OK, I know I’m a nostalgic: but not, I think, of the rose-tinted variety. There were things wrong with the old three- or four-channel terrestrial system: the stifling of innovation by stick-in-the-mud administrators and obstructive union bosses alike; a paternalism which often lapsed into the habits of mere control; and a variability of quality control which was almost inexcusable in an age where there was, by comparison, ample time to get it right (Mind Your Language, The Wackers or Churchill’s People anyone?).

Given the technical limitations, however, the achievements of that system far outweighed its failings. I remember the excitement of anticipation as we rented our first UHF set from Visionhire, and had the prospect of being able to see BBC2 at last. This (and Channel 4 later on – at least in its early years) was what television was made for, in my view. To inform, educate and entertain, and to do so intelligently. Documentary strands such as Horizon and The World About Us, quizzes such as Face The Music and Call My Bluff (and only a truly meritocratic network could host a programme about words where the two team captains had a pronounced lisp and a terrible stammer respectively), and genuine entertainment from such as the late, great Dave Allen. It even had the Trade Test Colour Films and the Transmitter Information for those of us who were broadcasting geeks avant la lettre. No matter that the channel had to suffer the odd jibe of being “the eggheads’ channel” or of having The Burkiss Way broadcast one of its famous mock continuity announcements which said, “And now another BBC2 programme that’s of minority interest – to everybody”. It had an elevated remit, and met it.

Even the ‘popular’ channels had quality, and did not knowingly underestimate the tastes of the public very often. That a mainstream commercial company like Thames could produce something like The World At War, for example, or Lew Grade’s ATV The Muppet Show (popular, but not cheap in either sense), was an indication that those involved in those companies took their duties seriously, and knew that quality may have cost in the short term, but would always win out in the final analysis.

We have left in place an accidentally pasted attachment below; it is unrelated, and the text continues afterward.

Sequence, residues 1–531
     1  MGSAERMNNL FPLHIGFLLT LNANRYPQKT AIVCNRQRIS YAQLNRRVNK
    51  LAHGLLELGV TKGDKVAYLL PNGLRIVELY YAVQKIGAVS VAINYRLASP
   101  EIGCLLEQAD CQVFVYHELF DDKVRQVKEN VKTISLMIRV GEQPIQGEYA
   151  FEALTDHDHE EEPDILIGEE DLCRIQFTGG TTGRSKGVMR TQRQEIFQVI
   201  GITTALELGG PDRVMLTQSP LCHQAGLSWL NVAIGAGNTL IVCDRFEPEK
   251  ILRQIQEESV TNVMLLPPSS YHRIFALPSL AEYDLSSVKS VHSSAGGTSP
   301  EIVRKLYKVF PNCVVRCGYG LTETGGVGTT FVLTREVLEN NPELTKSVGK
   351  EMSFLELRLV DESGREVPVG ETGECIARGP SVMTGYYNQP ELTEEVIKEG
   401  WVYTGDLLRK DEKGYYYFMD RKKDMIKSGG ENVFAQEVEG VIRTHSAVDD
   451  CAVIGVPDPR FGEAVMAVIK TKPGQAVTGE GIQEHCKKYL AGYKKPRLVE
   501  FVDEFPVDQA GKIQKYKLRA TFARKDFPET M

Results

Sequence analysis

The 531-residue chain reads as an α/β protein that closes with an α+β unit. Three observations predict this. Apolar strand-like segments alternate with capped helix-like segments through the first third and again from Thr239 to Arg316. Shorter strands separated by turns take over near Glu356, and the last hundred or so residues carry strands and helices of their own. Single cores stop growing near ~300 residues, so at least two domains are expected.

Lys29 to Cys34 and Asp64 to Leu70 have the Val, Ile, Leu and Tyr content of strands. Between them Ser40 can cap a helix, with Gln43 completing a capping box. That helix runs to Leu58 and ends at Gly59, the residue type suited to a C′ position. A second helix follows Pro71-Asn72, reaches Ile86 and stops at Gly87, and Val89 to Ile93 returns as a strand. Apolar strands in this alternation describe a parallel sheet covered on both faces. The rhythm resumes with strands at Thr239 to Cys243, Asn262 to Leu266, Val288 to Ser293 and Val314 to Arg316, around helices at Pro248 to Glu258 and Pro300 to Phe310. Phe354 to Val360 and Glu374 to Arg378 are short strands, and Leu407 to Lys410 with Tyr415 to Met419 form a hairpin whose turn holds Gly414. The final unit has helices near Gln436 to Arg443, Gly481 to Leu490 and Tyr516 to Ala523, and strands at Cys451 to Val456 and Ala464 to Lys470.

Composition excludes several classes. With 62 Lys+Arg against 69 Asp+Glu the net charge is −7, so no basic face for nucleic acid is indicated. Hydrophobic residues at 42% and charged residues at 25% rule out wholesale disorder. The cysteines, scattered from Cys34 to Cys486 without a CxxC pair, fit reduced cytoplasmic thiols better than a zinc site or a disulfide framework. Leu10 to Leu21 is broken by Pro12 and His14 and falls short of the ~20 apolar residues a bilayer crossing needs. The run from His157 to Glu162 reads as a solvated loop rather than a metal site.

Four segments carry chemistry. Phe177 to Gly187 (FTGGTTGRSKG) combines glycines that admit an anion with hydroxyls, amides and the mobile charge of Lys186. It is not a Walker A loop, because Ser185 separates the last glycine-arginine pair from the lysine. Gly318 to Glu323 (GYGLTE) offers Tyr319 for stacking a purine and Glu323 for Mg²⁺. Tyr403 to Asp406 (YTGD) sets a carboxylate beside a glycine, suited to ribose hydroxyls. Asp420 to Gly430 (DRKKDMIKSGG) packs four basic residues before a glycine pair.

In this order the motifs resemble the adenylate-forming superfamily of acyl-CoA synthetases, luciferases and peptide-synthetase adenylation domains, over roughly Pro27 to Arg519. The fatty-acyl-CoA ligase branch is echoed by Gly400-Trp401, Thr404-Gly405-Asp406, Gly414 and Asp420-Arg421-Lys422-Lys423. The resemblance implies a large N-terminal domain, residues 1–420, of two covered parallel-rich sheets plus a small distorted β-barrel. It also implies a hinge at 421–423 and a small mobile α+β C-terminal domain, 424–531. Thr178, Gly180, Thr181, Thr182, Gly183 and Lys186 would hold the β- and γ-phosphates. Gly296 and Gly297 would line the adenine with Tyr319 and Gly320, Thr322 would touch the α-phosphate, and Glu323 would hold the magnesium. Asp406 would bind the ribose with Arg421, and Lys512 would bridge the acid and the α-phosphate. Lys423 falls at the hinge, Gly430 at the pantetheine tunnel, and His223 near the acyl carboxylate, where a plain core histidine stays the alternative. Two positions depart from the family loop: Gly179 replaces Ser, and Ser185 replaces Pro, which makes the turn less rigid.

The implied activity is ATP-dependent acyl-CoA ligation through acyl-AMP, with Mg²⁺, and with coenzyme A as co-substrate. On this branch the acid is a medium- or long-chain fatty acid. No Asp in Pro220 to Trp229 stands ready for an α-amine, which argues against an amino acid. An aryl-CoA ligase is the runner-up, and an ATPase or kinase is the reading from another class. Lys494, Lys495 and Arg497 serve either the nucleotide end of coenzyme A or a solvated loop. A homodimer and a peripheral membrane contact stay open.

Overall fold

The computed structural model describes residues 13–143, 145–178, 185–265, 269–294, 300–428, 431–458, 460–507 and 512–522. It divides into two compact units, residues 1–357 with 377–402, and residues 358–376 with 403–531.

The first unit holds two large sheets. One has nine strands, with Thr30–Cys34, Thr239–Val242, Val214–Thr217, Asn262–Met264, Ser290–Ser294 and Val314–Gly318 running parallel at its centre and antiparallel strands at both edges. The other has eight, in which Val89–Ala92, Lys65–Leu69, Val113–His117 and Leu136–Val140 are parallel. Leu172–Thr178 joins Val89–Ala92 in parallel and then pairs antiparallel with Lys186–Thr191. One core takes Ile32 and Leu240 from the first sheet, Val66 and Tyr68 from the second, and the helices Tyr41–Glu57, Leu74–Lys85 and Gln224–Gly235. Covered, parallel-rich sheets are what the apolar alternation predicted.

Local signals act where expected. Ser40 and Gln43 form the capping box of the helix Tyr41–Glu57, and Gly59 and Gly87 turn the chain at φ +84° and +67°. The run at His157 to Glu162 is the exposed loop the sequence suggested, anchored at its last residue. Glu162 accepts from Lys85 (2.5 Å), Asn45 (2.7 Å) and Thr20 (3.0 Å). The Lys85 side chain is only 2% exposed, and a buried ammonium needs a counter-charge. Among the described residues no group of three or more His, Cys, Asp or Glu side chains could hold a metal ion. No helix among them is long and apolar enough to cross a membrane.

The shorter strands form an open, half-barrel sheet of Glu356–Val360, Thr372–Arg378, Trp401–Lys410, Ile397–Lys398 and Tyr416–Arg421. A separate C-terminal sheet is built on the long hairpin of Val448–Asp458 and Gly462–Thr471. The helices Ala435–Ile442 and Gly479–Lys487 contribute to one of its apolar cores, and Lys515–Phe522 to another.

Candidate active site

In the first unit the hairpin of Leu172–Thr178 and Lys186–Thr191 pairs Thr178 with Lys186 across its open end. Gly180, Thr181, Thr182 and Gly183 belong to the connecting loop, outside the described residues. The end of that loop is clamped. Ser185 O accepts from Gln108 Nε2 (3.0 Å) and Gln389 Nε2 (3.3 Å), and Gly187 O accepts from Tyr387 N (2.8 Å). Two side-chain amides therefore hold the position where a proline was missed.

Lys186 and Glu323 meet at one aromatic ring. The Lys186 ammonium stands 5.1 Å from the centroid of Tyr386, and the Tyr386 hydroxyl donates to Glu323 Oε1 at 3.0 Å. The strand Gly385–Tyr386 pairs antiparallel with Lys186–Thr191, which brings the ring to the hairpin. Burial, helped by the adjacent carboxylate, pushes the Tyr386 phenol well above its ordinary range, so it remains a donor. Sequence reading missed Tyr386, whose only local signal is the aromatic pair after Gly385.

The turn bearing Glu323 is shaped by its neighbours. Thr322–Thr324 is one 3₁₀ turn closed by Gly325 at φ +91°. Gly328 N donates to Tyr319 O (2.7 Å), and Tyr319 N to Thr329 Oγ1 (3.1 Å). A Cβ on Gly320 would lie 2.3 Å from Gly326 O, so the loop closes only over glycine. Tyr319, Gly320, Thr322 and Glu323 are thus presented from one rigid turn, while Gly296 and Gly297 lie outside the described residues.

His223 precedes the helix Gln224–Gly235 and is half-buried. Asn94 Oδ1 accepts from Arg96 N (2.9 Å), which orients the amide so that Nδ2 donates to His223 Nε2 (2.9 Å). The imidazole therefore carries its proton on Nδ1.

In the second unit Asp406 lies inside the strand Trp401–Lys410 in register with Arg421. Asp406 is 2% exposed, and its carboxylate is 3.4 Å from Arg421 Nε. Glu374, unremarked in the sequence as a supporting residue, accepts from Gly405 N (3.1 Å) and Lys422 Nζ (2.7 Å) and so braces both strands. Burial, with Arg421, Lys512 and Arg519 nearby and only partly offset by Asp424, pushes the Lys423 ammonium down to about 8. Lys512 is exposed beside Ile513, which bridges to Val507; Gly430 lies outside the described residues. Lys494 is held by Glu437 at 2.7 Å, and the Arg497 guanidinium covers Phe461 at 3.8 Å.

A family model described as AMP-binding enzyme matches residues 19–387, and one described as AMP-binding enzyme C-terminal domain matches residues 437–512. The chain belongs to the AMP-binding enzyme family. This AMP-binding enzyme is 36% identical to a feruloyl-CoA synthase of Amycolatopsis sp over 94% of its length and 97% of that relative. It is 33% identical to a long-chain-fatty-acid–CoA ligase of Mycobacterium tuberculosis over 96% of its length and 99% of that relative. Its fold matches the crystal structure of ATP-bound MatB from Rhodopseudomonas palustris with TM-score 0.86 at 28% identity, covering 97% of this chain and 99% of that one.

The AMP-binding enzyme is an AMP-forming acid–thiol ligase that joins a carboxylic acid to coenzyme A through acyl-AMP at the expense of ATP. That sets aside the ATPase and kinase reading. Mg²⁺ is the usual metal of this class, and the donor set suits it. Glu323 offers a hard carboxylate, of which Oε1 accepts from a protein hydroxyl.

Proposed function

Compare and contrast with today, where those in charge of all television channels seem to base their schedules and presentation styles upon the premise that the viewers have no more than average intelligence at best (and must not be encouraged to go beyond that), added to the attention span of a particularly forgetful carp. Hence the loud music, the intrusive announcements and captions over and beside end credits (and even during the programmes), the complete genericisation of ITV (because, apparently, the poor benighted viewer is ‘confused’ by having a television channel which has two complementary identities). Even BBC2 tends now only to create echoes of its golden days when re-running selections from BBC4’s output, and Channel 4’s ‘publisher’ remit has seen it turn into a rather glaring and grotty comic – Viz without the ironic intent.

Of course, television (particularly the commercial sort) is now owned, controlled and – certainly in its upper echelons – populated by people with no feel for either the medium or its best purpose. Is it really nothing more than a coincidence that the sad decline of ITV began when it started to be run by chancers, catering managers and those quacks of our time called ‘management consultants’, whose obsession with ‘the bottom line’ and the company’s share price led them to ‘let go’ the people who knew how to make good television, and to fail to see anything beyond bean-counting as the raison d’être of their companies’ existence?

But surely, you may ask, there are still some things worth watching? I wouldn’t disagree with that for a moment: as I’ve already said, programmes such as QI and Time Team, and some of the BBC4 documentaries which have been repeated on BBC2, are quality stuff which stand healthy comparison with the best of the past. However, they are a smaller and smaller proportion of the total, and one cannot help but wonder for how much longer such programmes can survive in the age of digital multiplexes and Video On Demand. Where once television was a uniter of society, it now doesn’t even bother to try; it merely seeks to mirror the increasing fragmentation of our lives without ameliorating it in any way. As such, it has ceased to be as central as once it was, which is why some of us have wondered why it is still regarded as odd to wish not to partake of it any more. Television has become, in a real sense, unimportant.